The Bolshoi's history began in 1776, when Catherine II allowed Prince Pyotr Urusov to open a theatre in Moscow, but Urusov's Petrovsky Theatre (so named due to its location at Ulitsa Petrovka (Petrovka Street)) was not meant to be. The building burned down before the theatre could open. The effort was resumed by an Englishman, Michael Maddocks. His theatre stood for 25 years, but then also burned down in 1805. Following the 1812 war with Napoleon, the theatre was included in the general restoration plan for Moscow. However, the new building (1825) designed by Joseph Bové, was again destroyed by fire in 1853. The theatre was hastily reconstructed for the coronation of Alexander II (1856, architect: Albert Kavos). The building would subsequently see a few more renovations, but only minor external changes were made. The most recent and most serious renovation was from 2005 to 2011. The company continued to give performances at its New Stage next door, specially built in 2002 to keep the theatre in business during the renovation.
The Bolshoi's appeal as a landmark only increased after the six-year renovation. Ballet and opera lovers have been joined by regular people, who are curious to see the crystal chandelier and gold-plated interiors, or ride a transparent high-speed elevator. Despite the Bolshoi's historic landmark status, the company's decision-makers have no desire to turn it into a museum of classical drama. The theatre has chosen the course of up-to-date interpretation of the classics and collaboration with overseas companies, relevant playwrights and innovative directors.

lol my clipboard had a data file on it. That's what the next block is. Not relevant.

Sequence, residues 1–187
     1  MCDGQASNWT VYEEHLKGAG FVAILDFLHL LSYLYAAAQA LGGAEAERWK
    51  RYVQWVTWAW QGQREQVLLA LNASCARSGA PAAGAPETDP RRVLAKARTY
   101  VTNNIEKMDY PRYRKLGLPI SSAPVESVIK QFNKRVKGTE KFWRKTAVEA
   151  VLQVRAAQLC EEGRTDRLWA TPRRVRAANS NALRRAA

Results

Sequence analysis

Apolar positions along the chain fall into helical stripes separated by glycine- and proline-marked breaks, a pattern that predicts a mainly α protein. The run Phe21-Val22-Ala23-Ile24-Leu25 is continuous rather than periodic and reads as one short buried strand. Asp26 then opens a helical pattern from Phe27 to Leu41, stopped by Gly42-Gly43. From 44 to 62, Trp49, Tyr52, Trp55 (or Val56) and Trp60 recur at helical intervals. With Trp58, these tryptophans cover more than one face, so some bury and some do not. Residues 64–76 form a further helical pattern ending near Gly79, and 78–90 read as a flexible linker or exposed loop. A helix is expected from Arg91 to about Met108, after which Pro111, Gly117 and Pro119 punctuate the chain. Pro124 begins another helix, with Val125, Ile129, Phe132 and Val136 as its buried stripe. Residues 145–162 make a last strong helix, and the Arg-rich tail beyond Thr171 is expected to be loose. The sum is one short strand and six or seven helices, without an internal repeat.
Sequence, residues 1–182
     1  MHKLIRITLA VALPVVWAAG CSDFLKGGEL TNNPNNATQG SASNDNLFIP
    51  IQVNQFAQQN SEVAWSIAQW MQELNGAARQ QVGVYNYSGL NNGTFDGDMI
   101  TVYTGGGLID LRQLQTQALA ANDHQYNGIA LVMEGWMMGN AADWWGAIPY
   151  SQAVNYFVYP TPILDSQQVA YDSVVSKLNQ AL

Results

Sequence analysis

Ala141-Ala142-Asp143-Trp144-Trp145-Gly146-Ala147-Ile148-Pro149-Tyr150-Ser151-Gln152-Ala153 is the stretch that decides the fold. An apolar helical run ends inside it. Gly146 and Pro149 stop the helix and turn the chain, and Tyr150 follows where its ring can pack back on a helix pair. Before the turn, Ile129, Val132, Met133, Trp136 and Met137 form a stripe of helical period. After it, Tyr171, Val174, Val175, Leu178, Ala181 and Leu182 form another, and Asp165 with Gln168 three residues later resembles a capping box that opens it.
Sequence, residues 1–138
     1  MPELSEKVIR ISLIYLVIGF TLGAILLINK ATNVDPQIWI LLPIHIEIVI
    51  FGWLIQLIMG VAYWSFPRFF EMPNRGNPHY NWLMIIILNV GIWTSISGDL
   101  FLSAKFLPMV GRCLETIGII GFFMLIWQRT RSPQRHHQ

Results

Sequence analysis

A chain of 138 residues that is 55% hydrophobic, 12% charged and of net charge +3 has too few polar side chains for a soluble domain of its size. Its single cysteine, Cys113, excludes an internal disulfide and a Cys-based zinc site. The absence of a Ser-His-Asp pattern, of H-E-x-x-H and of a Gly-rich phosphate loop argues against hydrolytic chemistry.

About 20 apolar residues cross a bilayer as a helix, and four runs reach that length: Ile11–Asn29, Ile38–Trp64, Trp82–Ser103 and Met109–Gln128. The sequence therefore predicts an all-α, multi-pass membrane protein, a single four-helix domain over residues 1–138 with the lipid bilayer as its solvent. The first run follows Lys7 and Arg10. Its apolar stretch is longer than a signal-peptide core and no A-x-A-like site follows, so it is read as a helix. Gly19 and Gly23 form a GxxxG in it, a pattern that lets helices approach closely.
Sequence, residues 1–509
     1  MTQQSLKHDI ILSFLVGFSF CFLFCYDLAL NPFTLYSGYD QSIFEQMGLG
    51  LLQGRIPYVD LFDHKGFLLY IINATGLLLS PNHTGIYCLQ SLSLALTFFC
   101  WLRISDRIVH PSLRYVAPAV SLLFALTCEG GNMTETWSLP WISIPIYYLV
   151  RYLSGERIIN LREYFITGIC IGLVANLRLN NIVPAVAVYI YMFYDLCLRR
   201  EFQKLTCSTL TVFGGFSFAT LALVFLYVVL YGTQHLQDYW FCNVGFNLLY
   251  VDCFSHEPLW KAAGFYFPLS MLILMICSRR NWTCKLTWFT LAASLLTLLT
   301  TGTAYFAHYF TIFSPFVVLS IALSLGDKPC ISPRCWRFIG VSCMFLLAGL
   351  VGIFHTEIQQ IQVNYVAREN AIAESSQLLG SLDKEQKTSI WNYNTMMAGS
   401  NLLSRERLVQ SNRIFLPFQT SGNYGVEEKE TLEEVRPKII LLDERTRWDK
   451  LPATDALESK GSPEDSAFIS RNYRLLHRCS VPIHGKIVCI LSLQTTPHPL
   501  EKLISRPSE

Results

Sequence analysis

It was no accident that the Bolshoi marked the reopening of its historic stage with Mikhail Glinka's Ruslan and Liudmila, staged by Dmitry Cherniakov, an exponent of the new generation of opera directors. The production left nothing of the old theatrical clichés, from the naïve custom of representing Old Russia in golden head-bands and silk caftans to the childish perception of the plot as a fairy tale of the evil magician and the purloined bride. The director's jettisoning of the faux Russian operatic kitsch and theatrical absurdities found no understanding among the adherents of the traditional approach, who protested with vehemence. Some of the Bolshoi's other productions also met with strong resentment on the part of those accustomed to the archaic opera style, most notably, Rosenthal's Children (directed by Eimuntas Nekrošius, music by Leonid Desyatnikov), Kirill Serebrennikov's Golden Cockerel, Dmitry Cherniakov's Eugene Onegin, and others. In a bid to reconcile the conservative audience with the theatre's penchant for novelty, the Bolshoi has drawn some clearly articulated dividing lines in its repertoire policy. The New Stage is dedicated to experiments of every description. The Historic Stage will remain the undisturbed realm of the immortal ballet classics (Swan Lake, Giselle, The Nutcracker), Soviet heroic retro epics (Yuri Grigorovich's Spartacus and The Legend of Love), western plot-based neoclassics (John Neumeier's The Lady of the Camellias), operatic "preserves" (Boris Godunov of the 1948 vintage), and modern costumed plays close enough to canonical opera (Carmen staged by Alexey Borodin, Queen of Spades staged by Lev Dodin, Lorent Campellone's La Traviata, Yulia Pevzner's King's Bride, Adrian Noble's Don Carlo). The Bolshoi's ticket pricing reflects the new deal: tickets for the Historic Stage, the home of "people's favourites," cost a multiple of what New Stage tickets cost.